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APSU’s Paula White selected for National Endowment for the Humanities’ Zora Neale Hurston institute

 

Austin Peay State University - APSUClarksville, TN – Austin Peay State University (APSU)’s Dr. Paula White is one of 25 scholars selected for a National Endowment for the Humanities Summer Institute that will explore the works of Zora Neale Hurston.

Zora Neale Hurston, circa 1938, from the Carl Van Vechten Collection held by the Library of Congress.

Zora Neale Hurston, circa 1938, from the Carl Van Vechten Collection held by the Library of Congress.

The institute, “Hurston on the Horizon: Past, Present, and Future,” is hosted by The Project on the History of Black Writing at the University of Kansas and will connect White virtually with scholars from across the country.

“It is top-tier in terms of intensity,” White, an assistant professor in the APSU Department of Languages and Literature said. “It’s an intensive study of Hurston, her fiction, her ethnography, her essays and looking at how Hurston fits in the current moment.”

The “Hurston on the Horizon” institute will immerse White in a 20-day study of Hurston’s wide range of cultural production. The institute starts on July 11th.

The institute also will allow White to work with leading Hurston scholars, such as Deborah Plant, Carla Kaplan, John Lowe, Claudine Raynaud, and Carmaletta Williams.

Austin Peay State University professor Dr. Paula White. (APSU)

Austin Peay State University professor Dr. Paula White. (APSU)

“This gives me an opportunity to do a re-evaluation of how Hurston fits within my argument about Black feminist literary studies,” she added.

‘The Foremother of Black Feminist Literary Studies’

A former colleague at the University of Mississippi who knew about White’s research pointed her to “Hurston on the Horizon.”

“We had several conversations about (Hurston) and how she is the center of my research, and she was specifically the center of my dissertation looking at her as kind of the foremother of Black feminist literary studies,” White said.

 


 

Most people know Hurston for her 1937 novel Their Eyes Were Watching God, but Hurston’s work spans three other novels, 50 short stories, plays, and essays over nearly 40 years.

“When you think about what Black feminist literary studies is a lot of times we go back to the Black women’s literary renaissance of the ’70s and ’80s, so we start associating Black feminist literary studies with writers like Toni Morrison and Alice Walker,” White said. “But if we really look at that literature, some of the same things and some of the same topics questioning social norms and gender roles, Hurston is already doing that in her fiction.

“I would read those writers, and it would just take me right back to Hurston.”

In 2019, White traveled to Hurston’s hometown, Eatonville, Florida, and to the Zora Neale Hurston National Museum of Fine Arts to conduct research, including interviews.

“I had a lot of reports and a lot of research from that trip, in 2019, and it was just sitting there because of the pandemic.”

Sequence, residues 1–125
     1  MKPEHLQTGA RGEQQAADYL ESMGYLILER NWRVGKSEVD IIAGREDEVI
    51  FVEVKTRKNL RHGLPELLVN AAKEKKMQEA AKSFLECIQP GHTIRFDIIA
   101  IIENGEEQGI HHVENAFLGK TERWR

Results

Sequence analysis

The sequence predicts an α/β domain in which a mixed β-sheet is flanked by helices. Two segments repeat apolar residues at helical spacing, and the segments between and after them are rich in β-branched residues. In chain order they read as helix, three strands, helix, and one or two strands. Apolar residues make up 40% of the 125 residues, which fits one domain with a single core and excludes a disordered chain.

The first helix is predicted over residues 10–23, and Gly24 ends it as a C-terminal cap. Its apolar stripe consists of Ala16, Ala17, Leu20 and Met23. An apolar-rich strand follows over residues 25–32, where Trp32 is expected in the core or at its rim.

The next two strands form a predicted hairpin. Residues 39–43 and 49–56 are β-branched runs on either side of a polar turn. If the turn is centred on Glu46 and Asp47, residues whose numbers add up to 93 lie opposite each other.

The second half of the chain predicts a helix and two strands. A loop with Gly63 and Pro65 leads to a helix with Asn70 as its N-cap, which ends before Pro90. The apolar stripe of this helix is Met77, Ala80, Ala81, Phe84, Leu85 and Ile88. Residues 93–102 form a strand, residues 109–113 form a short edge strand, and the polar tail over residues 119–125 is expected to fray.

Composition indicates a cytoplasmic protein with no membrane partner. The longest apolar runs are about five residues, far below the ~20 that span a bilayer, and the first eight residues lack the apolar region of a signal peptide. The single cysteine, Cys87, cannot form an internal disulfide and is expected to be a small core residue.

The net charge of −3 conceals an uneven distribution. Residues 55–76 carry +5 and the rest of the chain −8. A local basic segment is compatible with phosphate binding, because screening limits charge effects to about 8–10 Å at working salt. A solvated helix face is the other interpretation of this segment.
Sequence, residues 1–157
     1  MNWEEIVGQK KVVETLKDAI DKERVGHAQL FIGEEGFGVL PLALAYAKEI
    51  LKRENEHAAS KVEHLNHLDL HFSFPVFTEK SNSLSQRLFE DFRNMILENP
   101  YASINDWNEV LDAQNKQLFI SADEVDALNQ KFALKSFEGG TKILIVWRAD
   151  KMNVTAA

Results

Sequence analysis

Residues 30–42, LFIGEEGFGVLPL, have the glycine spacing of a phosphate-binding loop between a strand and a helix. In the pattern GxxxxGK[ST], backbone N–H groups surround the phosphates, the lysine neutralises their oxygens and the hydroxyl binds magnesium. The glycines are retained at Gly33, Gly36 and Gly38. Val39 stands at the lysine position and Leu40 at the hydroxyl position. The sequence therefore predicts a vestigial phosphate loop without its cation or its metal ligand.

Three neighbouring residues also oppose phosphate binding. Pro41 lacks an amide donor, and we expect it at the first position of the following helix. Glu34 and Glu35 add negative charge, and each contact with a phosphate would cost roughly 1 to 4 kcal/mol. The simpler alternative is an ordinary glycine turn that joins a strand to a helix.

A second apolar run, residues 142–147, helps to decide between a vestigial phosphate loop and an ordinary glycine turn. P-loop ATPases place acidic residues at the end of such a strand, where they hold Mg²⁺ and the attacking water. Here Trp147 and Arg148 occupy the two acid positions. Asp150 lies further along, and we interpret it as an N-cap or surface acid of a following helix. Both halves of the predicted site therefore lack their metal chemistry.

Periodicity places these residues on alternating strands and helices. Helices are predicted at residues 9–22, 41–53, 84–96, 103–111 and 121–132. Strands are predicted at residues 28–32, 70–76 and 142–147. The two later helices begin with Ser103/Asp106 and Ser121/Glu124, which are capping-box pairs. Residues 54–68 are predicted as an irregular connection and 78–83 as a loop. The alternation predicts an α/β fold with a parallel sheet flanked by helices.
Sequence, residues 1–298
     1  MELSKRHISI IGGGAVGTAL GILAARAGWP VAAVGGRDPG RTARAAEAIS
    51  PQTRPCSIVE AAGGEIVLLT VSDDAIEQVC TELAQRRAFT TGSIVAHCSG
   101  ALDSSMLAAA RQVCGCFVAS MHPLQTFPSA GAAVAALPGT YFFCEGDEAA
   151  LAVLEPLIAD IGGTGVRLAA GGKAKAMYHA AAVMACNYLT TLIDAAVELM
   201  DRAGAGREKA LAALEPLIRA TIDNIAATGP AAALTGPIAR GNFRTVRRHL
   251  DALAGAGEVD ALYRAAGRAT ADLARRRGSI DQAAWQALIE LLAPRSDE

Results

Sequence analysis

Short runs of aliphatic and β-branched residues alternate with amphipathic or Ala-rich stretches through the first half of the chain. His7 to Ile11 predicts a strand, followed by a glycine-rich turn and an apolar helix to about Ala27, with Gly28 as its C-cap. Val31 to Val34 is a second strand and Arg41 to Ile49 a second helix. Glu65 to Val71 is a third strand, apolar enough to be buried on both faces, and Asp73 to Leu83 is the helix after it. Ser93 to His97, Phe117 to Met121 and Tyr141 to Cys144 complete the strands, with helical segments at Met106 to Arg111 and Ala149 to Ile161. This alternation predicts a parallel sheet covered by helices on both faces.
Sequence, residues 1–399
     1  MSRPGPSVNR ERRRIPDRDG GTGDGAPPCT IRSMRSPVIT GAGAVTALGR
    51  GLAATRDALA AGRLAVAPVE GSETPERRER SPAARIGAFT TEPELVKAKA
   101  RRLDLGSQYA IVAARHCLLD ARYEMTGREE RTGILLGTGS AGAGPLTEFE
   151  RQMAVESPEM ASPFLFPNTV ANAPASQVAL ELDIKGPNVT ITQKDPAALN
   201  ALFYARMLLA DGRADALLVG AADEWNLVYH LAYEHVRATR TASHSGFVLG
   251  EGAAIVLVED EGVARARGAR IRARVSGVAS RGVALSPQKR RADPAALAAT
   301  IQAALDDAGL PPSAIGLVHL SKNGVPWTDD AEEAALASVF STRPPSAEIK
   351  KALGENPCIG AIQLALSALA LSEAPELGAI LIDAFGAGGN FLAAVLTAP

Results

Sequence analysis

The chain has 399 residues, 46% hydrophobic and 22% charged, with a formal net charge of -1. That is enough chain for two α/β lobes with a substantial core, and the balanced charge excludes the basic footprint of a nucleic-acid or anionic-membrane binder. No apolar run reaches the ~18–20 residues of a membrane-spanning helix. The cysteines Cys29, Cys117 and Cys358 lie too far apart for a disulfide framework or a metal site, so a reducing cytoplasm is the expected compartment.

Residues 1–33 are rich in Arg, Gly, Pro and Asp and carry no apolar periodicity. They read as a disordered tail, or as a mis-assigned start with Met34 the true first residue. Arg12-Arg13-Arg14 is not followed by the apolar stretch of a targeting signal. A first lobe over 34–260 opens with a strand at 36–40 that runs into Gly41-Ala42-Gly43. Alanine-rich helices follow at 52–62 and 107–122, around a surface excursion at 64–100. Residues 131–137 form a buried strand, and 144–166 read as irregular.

The institute will reinvigorate White’s work.

“And to see (Hurston) centered like this, supported by the National Endowment for the Humanities, is just an amazing opportunity,” she said. “I will get to know her better, not only through her fiction … but to see a fuller overview and exposure to her work.”

In addition to the virtual summer institute, the selected scholars also will attend a series of webinars in the fall providing an opportunity to connect with contemporary writers.

The group also will reconvene at the 2022 Zora! Festival in Eatonville, Florida.

 


What’s Next

White specializes in African American literature and Black feminist literary studies. Her research focuses on 20th-century Black women writers in Black, Southern, and queer literature. Her forthcoming manuscript, tentatively titled Black Feminism and the New Negro, retraces the origins of Black feminist literary studies to Harlem Renaissance fiction.

“The manuscript will look specifically at the new negro movement, which originated out of the Harlem Renaissance era, and Black feminism, existing in that space or Black feminist literary studies existing in that space,” she said.

White also hopes to share what she learns at the institute with her students and the Austin Peay community. She teaches African American literature in the Department of Languages and Literature. She also teaches in APSU’s Women’s and Gender Studies and African American Studies programs, both housed in the Department of Languages and Literature and the College of Arts and Letters.

“I have an idea for a BIPOC (Black, indigenous, people of color) women’s book club to expose students and the university community to women writers of color because most of us have not been exposed to writers of color, specifically women writers of color,” she said.

White also is working on a paper that explores the literature written by the Niggerati, a self-named 1920s countercultural group of Black artists and intellectuals. And White is teaming with APSU Drs. Eva Gibson and Jessica Fripp – both professors in the APSU Department of Psychological Science and Counseling – to write about their experiences navigating academia as Black women, specifically their experience working with the African American Employee Council at Austin Peay State University.

 


To learn more

For more about the APSU Department of Languages and Literature at Austin Peay, visit www.apsu.edu/langlit.

For more about the Hurston on the Horizon institute, visit www.hurston.ku.edu.


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